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This is all that remains of, one of the most prominent music sharing sites on the web.  (Source: DailyTech)
Second UK-based piracy closure in less than a week, one of the largest BitTorrent destinations for music online, was shut down today in a joint investigation between Interpol, the IFPI, BPI and local authorities in the United Kingdom and Netherlands. Authorities arrested an unnamed 24-year-old man suspected to be the site’s owner, as well as raided his UK residence, the office of his employer, his father’s house, as well as numerous facilities in the Netherlands where the site was hosted.

Much like many of the fallen sites before it,’s front page was changed to a single message written by an unidentified party: “This site has been closed as a result of a criminal investigation by IFPI, BPI, Cleveland Police and the Fiscal Investigation Unit of the Dutch Police (FIOD ECD) into suspected illegal music distribution.”

Immediately following it is an ominous warning, informing visitors that “a criminal investigation continues into the identities and activities of the site's users.”

According to the IFPI, OiNK was responsible for leaking 60 major pre-release albums in 2007, with an unspecified numbers of albums in years past. OiNK’s estimated 180,000 users financed the site via “donations” paid by credit or debit card, and in return the site continued to host a staggering number amount of music, much of it in high-quality FLAC format.

“This was not a case of friends sharing music for pleasure. This was a worldwide network that got hold of music they did not own the rights to and posted it online,” said IFPI spokesman Jeremy Banks. “Within a few hours of a popular pre-release track being posted on the OiNK site, hundreds of copies can be found further down the illegal online supply chain.”

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By omnicronx on 10/23/2007 8:31:26 PM , Rating: 2
OiNK was responsible for leaking 60 major pre-release albums in 2007
They personally released songs? Or they hosted songs released by a group, theres a big difference. Personally although its a grey line, I do not see how technically a torrent site is illegal. As they do not physically host the files, or even physically link you to the files themselves.

I still don't understand why these groups go after these sites, they are not the ones that actually release the material. Go after the release groups that put them up in the first place...

RE: responsible
By mdogs444 on 10/23/2007 8:55:11 PM , Rating: 3
Even if they didnt host the torrents themselves, you could look at it from a different perspective:

Aiding & Abetting : A criminal charge of aiding and abetting or accessory can usually be brought against anyone who helps in the commission of a crime, though legal distinctions vary by state. A person charged with aiding and abetting or accessory is usually not present when the crime itself is committed, but he or she has knowledge of the crime before or after the fact, and may assist in its commission through advice, actions, or financial support.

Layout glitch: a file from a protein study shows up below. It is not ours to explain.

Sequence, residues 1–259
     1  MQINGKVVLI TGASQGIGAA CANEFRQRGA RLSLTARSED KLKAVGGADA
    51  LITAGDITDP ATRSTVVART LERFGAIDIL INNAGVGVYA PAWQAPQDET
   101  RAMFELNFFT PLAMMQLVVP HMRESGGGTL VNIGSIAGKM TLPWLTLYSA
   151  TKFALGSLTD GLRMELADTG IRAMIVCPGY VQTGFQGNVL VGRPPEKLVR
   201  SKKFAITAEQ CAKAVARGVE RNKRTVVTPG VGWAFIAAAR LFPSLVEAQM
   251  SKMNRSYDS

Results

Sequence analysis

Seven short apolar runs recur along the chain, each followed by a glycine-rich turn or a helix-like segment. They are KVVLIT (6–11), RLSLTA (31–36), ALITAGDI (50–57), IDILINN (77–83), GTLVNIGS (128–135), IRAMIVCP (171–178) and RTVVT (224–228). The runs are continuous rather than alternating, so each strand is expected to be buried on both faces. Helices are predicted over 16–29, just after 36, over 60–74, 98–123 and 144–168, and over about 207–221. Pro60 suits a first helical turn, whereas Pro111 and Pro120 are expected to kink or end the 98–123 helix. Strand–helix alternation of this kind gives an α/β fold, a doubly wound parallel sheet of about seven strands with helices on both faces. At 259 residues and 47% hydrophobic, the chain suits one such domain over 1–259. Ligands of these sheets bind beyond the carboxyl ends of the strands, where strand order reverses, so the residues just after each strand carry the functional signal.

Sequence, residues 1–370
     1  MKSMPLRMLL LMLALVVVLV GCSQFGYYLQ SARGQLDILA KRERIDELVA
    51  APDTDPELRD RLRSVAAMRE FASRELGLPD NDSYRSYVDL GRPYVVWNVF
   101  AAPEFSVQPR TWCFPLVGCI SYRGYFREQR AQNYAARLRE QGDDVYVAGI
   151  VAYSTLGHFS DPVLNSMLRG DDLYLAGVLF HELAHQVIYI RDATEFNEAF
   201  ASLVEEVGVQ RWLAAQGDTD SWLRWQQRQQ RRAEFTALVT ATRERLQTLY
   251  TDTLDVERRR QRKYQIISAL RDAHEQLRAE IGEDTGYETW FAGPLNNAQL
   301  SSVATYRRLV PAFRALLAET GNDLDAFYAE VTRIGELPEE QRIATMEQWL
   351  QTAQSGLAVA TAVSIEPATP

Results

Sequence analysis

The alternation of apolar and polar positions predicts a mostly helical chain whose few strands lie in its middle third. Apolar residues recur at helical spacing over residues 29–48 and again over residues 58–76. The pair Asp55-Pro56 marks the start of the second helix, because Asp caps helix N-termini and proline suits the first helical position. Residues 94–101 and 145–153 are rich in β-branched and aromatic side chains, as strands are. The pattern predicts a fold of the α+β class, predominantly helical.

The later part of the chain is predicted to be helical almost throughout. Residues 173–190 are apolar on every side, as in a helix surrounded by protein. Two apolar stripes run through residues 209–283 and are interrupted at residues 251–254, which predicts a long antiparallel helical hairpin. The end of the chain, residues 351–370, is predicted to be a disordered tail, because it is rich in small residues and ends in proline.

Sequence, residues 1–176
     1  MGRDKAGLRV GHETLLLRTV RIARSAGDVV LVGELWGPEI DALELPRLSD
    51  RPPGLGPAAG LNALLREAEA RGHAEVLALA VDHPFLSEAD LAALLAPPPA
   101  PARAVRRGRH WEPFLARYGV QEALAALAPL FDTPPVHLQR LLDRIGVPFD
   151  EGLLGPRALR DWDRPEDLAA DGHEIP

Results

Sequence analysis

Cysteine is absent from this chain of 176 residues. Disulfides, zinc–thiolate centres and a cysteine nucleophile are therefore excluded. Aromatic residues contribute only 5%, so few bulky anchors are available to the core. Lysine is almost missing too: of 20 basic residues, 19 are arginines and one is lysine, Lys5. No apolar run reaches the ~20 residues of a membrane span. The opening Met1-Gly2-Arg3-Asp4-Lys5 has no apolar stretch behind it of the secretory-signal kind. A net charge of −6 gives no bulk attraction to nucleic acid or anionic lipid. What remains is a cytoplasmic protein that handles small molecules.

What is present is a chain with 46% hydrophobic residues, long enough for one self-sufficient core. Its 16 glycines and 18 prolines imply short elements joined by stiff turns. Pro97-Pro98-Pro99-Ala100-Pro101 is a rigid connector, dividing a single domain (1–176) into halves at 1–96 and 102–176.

So the argument could come to that, because the bittorrent sites do have knowledge of the crime before, or after the fact, and are assisting in the "crime".

RE: responsible
By FoxFour on 10/23/2007 9:05:22 PM , Rating: 2
I suspect that it's a matter of effect.

You take down one release group, it doesn't really slow things down much. Even if you take down 5 of them, you're only starting to put a temporary dent in the pre-release scene.

Take down OiNK, though, and you instantly halt ALL of the file-sharing (scene, older music, apps, books) that was going on between those 180000 users, until they regroup elsewhere. Many of them, like myself, WON'T return until a replacement with the same level of quality as OiNK shows up. The current alternatives that I have access to are pathetic in comparison, and I won't bother to use them.

What they (the recording instry, etc) DON'T understand is that I also WON'T be buying any CD's or software in the interim. I wasn't paying for it before, and I'm not going to pay for it now. They're not going to increase revenues from folks like me by shutting down the BT sites. Hell, the last 4 CD's I bought at retail were albums I had already downloaded in FLAC from OiNK. I got the albums there, had listened for a week or two, and then decided to buy. That's going to be revenue LOST.

RE: responsible
By omnicronx on 10/23/2007 10:04:56 PM , Rating: 2
Take down OiNK, though, and you instantly halt ALL of the file-sharing
No you don't, you just divert traffic elsewhere, just as with the release groups. Both ways are pretty inaffective.

RE: responsible
By piroroadkill on 10/24/2007 4:39:42 AM , Rating: 2
I disagree to a certain extent - OiNK had a unique appeal I find rarely replicated elsewhere - a quality community with a dedication to high fidelity music. This is instantly torn away from the users of the site, with no clear alternative

"Death Is Very Likely The Single Best Invention Of Life" -- Steve Jobs

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